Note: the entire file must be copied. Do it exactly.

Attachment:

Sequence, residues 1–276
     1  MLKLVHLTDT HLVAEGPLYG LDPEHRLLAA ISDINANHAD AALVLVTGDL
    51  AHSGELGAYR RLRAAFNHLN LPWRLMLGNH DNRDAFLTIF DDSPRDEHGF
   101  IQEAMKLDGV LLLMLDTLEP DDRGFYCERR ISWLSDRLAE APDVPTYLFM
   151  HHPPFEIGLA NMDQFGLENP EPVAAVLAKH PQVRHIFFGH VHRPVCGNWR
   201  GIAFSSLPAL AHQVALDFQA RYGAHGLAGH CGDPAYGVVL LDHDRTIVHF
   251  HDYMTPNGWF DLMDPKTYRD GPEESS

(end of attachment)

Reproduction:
Sequence, residues 1–276
     1  MLKLVHLTDT HLVAEGPLYG LDPEHRLLAA ISDINANHAD AALVLVTGDL
    51  AHSGELGAYR RLRAAFNHLN LPWRLMLGNH DNRDAFLTIF DDSPRDEHGF
   101  IQEAMKLDGV LLLMLDTLEP DDRGFYCERR ISWLSDRLAE APDVPTYLFM
   151  HHPPFEIGLA NMDQFGLENP EPVAAVLAKH PQVRHIFFGH VHRPVCGNWR
   201  GIAFSSLPAL AHQVALDFQA RYGAHGLAGH CGDPAYGVVL LDHDRTIVHF
   251  HDYMTPNGWF DLMDPKTYRD GPEESS